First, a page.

An Application of Fairclough’s Three Dimensional CDA Approach to Fraser Anning's Speech in Australian Senate
Dr. Wasim Hassan, Abaid ur Rehman, Asad Zafar, Farwa Akbar, Samyya Masood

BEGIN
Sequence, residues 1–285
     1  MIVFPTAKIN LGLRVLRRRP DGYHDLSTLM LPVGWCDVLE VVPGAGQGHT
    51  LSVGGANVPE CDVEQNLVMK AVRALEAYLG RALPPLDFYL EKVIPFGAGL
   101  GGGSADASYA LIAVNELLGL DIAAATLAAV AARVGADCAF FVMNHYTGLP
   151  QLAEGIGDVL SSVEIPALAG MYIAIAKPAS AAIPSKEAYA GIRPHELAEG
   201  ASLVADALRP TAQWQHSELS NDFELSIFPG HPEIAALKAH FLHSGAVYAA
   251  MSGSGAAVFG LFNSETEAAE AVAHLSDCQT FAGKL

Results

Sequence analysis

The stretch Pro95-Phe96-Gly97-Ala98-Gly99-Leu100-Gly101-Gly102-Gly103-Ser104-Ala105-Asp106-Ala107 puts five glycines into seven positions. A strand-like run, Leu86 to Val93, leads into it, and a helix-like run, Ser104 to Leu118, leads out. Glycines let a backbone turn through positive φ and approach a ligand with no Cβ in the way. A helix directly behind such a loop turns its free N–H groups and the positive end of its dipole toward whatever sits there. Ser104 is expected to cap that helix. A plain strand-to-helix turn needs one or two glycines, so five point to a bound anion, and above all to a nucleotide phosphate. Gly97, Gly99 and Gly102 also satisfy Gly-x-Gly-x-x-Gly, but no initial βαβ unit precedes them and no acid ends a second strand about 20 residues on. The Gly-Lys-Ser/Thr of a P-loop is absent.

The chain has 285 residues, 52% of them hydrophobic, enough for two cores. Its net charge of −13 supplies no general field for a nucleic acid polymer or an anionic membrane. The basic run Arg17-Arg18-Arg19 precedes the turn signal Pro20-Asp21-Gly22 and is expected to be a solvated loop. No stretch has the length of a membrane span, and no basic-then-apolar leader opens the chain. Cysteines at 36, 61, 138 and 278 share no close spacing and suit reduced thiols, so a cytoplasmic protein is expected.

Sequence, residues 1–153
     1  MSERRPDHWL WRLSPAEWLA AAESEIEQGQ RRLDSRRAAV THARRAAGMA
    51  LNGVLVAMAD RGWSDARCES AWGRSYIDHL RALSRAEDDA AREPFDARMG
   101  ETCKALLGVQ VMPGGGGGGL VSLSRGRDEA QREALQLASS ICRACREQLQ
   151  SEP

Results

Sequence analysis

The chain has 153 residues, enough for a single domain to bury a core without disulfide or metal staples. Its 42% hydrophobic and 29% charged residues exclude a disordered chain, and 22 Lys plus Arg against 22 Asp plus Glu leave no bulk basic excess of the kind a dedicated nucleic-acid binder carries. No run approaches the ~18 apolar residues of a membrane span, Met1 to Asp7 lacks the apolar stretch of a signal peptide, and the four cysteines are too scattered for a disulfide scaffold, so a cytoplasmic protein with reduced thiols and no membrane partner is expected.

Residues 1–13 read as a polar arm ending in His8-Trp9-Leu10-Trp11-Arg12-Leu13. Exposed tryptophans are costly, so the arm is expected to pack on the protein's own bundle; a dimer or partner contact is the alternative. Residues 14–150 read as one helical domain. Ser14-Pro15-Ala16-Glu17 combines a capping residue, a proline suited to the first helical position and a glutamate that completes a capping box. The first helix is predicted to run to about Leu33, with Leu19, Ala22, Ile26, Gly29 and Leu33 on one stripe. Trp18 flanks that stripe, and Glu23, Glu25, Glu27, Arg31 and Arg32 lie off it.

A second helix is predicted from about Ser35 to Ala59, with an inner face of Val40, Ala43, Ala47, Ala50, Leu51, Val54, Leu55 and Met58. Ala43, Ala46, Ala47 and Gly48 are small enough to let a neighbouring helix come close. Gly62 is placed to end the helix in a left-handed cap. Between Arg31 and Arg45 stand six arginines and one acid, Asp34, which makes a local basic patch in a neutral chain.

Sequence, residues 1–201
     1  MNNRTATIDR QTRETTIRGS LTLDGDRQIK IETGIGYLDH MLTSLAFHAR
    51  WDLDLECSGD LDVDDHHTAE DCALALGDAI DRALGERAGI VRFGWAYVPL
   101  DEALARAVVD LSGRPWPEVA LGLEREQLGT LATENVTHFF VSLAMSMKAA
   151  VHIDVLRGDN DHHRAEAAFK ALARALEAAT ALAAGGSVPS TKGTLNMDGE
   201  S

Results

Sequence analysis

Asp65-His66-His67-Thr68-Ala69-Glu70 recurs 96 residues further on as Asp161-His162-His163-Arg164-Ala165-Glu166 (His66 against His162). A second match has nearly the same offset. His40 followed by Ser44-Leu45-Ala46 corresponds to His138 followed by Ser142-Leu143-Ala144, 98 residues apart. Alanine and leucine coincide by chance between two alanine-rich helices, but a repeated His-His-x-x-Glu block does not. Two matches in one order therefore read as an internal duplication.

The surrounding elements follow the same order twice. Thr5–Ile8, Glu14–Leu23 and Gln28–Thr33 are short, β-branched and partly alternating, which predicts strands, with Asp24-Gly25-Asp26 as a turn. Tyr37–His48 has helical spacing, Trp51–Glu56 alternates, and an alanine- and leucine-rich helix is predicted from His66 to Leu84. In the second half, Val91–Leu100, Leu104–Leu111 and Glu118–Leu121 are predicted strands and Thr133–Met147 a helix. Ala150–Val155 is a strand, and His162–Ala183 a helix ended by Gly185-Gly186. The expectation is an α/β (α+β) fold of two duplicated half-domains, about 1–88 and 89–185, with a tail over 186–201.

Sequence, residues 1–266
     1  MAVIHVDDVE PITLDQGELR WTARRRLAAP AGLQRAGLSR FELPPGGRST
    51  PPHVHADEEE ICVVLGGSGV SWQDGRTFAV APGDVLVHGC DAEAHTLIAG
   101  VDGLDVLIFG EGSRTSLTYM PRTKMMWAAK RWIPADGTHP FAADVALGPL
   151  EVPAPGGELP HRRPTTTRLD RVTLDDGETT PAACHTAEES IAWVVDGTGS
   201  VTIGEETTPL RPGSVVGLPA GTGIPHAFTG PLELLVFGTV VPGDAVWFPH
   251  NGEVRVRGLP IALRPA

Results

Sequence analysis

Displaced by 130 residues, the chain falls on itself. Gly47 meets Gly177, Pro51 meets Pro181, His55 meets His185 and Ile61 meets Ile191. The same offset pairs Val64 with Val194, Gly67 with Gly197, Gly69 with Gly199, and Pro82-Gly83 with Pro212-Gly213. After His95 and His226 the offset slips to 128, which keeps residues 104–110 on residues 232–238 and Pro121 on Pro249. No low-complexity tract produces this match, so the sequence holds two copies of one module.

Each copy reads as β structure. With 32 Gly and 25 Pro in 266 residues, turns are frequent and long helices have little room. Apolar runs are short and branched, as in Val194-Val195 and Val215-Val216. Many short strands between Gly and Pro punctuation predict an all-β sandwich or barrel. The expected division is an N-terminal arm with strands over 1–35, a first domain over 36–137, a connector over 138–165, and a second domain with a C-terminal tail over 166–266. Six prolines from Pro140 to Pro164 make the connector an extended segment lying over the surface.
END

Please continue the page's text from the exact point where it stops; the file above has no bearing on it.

Abstract The aim of this study was to highlight impression markers, identify key concerns, and describe cultural as well as social implications of a speech delivered by William Fraser Anning (an Australian Senator) in the Australian Senate on August 14, 2018. In this regard, Fairclough’s three-dimensional model was employed to interpret the data. The speaker was observed employing different impression markers (e.g. discourse and punctuation markers, cultural and historical references, personal pronouns, self and other markers, and expressive and rational values) to create coherence in the speech, emphasize the stance, and thereby grab the attention of the audience. Social problems, common man’s worries like joblessness, poor living standard, race, ethnicity and immigration were the concerns of the speech. Muslim immigrants were not treated as humans equal to Australians or other Europeans. They were labeled as ‘welfare-blunders ’ , ‘ terrorists ’ , ‘ gang-terrorists ’ , ‘ criminals’, and ‘illegal occupants’. The speech was followed by an extremist attack on a Mosque in New Zealand. It might cause serious threat to peaceful co-existence, immigration process, and basic human rights.